Lionheart Cycling Tours Rich History

Tour History and Pierre Basile, the boy knight and killer of England’s most famous king! – Lionheart Cycling Tour

As King Richard the Lionheart lay slowly dying of a gangrenous wound in the Limousin region of France in 1199, he said to his mother, Eleanor of Aquitaine, pardon the bold boy Pierre Basile!

Rolling back 2 weeks in history…

March 1199, Richard is marauding in Aquitaine subduing a revolt by the Viscount of Limoges. The fortifications at Chalus took his fancy as there was a rumour that the castle housed a Roman treasure trove….. As the King inspected the work of his sappers who were trying to undermine the castle walls and took a few potshots (practicing his bowmanship!) at the tiny garrison of supposedly 2 knights and some servants of the Viscount of Limoges, Pierre Basile, also known as Bertran de Gurdun and John Sabroz (which suggests no one actually knows his name), took advantage of Richard’s recklessness.

Pierre, who had earlier in the day been fending off arrows of Richard’s men with a frying pan – they were a little short on weapons on armour – fired a crossbow bolt in the king’s direction. Richard applauded the crossbowman’s audacity! However, another bolt struck the king in the left shoulder near the neck!

Richard offered a chivalrous salute to Basile for his marksmanship, however not wishing to alarm his men or reveal the extent of his injury to the defenders of Chalus, he returned to his tent. After attempting to remove the bolt himself, he called the surgeon Hoveden. He removed the arrow, but not cleanly or quickly and Gangrene set in.

Richard asked for Pierre to visit him. Basile, appeared before the king, expecting to be executed on the spot. The boy spoke first, saying he had tried to kill Richard because the king had killed the boy’s father and two brothers.
“Live on,” the king replied, “and by my bounty behold the light of day.” He ordered the boy set free and, further, sent him away with 100 shillings. Deliriously jubilant at the king’s decision, the boy quickly returned to the castle.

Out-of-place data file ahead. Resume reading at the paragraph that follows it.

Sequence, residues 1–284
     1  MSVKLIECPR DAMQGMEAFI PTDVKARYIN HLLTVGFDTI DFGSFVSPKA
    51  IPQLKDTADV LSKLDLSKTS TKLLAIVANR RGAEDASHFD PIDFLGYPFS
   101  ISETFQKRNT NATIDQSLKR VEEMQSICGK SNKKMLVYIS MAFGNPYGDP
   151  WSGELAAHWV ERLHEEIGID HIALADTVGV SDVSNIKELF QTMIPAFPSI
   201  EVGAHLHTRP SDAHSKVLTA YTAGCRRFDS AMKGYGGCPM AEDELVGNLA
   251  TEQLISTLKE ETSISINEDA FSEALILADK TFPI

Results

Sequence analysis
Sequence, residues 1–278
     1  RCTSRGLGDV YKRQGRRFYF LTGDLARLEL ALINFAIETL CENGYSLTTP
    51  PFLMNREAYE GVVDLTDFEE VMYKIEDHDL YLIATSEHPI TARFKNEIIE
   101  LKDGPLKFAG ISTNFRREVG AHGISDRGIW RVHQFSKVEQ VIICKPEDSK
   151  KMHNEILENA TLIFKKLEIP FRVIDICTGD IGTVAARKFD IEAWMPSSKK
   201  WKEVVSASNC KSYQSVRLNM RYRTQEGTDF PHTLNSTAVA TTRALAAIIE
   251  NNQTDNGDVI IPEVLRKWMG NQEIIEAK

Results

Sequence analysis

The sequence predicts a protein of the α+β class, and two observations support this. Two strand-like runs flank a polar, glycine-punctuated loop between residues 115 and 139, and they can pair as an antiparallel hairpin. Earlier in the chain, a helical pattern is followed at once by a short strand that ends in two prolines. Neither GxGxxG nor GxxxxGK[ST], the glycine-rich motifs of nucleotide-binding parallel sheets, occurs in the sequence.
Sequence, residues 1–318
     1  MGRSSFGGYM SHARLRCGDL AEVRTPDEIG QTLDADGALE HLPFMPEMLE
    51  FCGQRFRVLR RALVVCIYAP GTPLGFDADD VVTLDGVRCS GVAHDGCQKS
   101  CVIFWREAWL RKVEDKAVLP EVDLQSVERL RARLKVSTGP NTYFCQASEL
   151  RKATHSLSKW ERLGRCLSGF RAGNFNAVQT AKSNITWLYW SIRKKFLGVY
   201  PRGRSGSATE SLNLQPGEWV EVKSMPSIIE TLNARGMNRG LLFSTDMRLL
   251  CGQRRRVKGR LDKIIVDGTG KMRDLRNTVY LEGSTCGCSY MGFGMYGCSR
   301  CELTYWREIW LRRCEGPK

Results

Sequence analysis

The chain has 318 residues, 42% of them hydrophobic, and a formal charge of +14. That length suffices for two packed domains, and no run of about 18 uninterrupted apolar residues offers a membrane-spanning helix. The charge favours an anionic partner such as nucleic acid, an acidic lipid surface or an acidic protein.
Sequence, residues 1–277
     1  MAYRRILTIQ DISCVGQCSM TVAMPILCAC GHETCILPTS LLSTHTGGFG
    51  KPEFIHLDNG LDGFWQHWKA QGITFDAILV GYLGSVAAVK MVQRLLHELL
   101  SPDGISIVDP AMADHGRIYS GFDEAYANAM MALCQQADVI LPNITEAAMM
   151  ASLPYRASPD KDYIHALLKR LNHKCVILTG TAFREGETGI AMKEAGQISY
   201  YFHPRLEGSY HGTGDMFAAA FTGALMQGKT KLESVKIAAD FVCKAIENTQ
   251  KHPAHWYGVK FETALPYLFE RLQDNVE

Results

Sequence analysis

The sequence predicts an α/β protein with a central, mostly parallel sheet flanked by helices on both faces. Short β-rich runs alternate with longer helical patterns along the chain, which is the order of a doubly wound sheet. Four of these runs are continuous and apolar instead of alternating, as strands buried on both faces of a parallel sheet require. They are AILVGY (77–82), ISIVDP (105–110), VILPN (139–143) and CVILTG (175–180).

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12 days after being struck by the crossbow bolt, with his mother Eleanor of Aquitaine by his side, Richard died in Chalus. For the defenders of the castle, Basile’s marksmanship earned them a terrible fate. Mercadier, who had entered the king’s service in 1184 and fought in battles in Berry (yes Berry!) and Brittany, Flanders and Normandy, brought the siege to a swift conclusion. Hanging the defenders, he took the boy Pierre, against Richard’s chivalrous wishes, and flayed him (removed the boy’s skin while he was still alive), then hung him.

It is good not to live in medieval times, although sometimes I do wonder if we have improved!!

Another of Richard’s deathbead wishes was to see his body parts buried in different parts of France. His entrails were buried at Chalus, his body at Fontevraud with his family and his heart, which we follow was buried just north of Paris at Rouen. Check out the Lionheart cycling tour

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